For CLP, there is a fundamental split between:
· living politics and a dead politics;
· emancipatory politics and state politics;
· liberatory politics and party politics.
CLP is committed to a living, emancipatory, and liberatory politics. Ranciere reserves the name politics for the emancipatory trajectory and calls the rest ‘the police’. For him, politics is the clash of the logic of egalitarianism with the logic of the police. For Badiou emancipatory politics is always a rupture with what is – it is the void of the situation.
At CLP’s ‘Fanomenal event’ in May 2011, S’bu Zikode of AbM defined politics as the movement out of the places where oppression has assigned us whereas the dead politics of state and the parties is always the instruction to go back to your place. Emancipatory politics is a politics from below, a living politics which is one with the everyday life, thinking, language and struggle of the people. It is a politics of dignity. And it is grounded in what is happening and what needs to happen to achieve real change in the world.
In the tradition of Freire, for us this politics is open-ended and we cannot pre-determine or plan or impose it because it is made by the people. Rather, as Zapatista’s say, we make the path by walking and “asking, we walk”. This emphasises also that politics is thought.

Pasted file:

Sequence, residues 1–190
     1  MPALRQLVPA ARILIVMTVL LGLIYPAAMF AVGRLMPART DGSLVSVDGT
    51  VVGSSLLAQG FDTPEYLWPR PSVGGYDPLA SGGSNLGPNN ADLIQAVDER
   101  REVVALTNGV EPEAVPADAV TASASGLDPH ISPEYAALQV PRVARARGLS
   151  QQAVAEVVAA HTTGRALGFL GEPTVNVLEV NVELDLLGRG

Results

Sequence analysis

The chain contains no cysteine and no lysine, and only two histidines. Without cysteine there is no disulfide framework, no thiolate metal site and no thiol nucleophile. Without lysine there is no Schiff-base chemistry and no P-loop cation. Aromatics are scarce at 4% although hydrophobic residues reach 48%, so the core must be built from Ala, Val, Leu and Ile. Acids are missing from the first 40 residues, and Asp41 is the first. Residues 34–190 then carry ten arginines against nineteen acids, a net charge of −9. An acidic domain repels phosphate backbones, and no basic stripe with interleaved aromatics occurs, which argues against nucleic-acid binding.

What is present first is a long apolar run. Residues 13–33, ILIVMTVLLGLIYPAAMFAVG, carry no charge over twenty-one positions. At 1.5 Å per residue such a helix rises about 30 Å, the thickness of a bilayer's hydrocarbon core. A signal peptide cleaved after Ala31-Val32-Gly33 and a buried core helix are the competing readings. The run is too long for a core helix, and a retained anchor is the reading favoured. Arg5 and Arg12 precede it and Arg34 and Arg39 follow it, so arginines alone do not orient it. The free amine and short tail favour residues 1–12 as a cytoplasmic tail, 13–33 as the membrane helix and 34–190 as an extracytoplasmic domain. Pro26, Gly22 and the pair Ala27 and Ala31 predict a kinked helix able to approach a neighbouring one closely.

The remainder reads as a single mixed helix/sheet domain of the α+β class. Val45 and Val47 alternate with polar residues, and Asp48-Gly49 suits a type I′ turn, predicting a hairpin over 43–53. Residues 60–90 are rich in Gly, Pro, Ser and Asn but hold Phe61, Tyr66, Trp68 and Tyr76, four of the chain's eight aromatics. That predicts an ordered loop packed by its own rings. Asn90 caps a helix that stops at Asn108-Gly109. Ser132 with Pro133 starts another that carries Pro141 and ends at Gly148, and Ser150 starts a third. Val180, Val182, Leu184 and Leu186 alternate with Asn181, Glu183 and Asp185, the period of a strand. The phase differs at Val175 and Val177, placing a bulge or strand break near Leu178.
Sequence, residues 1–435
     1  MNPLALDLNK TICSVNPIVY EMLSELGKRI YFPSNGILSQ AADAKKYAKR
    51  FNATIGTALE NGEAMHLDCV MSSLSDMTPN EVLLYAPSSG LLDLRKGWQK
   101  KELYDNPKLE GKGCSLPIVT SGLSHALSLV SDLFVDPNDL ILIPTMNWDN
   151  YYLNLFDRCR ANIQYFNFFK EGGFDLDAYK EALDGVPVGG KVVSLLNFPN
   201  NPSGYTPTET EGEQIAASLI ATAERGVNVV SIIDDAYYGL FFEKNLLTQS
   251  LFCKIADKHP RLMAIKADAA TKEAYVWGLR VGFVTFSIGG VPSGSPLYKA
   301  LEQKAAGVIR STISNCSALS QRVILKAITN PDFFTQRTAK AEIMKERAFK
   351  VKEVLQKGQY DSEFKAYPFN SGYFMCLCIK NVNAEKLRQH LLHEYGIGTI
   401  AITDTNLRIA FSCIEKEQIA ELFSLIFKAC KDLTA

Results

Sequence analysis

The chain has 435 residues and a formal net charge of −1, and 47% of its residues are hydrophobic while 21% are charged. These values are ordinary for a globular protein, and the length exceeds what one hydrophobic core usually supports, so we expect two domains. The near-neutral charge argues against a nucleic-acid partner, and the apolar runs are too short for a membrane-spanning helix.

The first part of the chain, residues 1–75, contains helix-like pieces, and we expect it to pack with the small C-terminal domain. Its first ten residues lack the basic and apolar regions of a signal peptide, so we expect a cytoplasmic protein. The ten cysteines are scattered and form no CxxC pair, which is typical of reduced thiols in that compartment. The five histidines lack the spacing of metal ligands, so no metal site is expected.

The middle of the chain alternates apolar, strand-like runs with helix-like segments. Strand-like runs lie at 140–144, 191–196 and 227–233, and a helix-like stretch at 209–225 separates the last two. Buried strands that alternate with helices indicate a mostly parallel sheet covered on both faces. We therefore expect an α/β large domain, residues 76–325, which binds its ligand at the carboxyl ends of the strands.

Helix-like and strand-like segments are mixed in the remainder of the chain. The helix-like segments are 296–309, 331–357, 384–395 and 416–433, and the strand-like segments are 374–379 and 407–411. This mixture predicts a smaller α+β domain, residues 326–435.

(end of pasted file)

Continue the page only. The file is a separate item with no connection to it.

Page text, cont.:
As CLP staff discussed in January 2013:
We recall here Anna Selmeczi’s suggestion that proximity is central to understanding the “living politics” articulated by Abahlali. Indeed we suggest that in important ways, living politics is characterised by the apparently paradoxical conjuncture of both proximity (to the real of the life and struggles of the people) and distance (i.e., a politics at-a-distance from the state). A living politics connects us all to the Real, and shapes us. It is the everyday practice of thinking, choosing, acting subjectively. It is grounded and it is a collective praxis of militancy. It is intimately connected with the idea that “asking, we walk” – as people said in a Living Learning session during 2012: “we are a philosophical movement”.
It is clear that what we name as ‘politics’ is not always how others use the term – it is often used exactly to describe the (non) politics of the state. In 2010 (Finding our voice in the world) CLP clarified:
There is an oft-repeated English saying that ‘politics is the art of the possible’. But CLP increasingly reserves the name ‘politics’ for those properly emancipatory moments – or ruptures – where the people establish their human subjectivity in the wider society, and throw off the oppression of being objects of history and domination. Under these conditions, politics is precisely the refusal to accept that the world-as-it-is determines what could be.
The world-as-it-is is structured by an underlying architecture of institutions and ideas that seem to work together to uphold the state of things in the interests of those who benefit from it.